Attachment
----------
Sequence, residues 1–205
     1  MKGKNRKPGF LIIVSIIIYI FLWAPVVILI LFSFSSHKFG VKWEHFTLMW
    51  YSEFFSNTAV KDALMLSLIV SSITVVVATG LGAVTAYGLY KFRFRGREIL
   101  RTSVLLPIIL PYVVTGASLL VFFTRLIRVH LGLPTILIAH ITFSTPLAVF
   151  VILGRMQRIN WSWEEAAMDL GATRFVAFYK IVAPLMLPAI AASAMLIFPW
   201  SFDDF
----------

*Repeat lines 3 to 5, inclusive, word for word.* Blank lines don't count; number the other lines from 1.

    51  YSEFFSNTAV KDALMLSLIV SSITVVVATG LGAVTAYGLY KFRFRGREIL
   101  RTSVLLPIIL PYVVTGASLL VFFTRLIRVH LGLPTILIAH ITFSTPLAVF
   151  VILGRMQRIN WSWEEAAMDL GATRFVAFYK IVAPLMLPAI AASAMLIFPW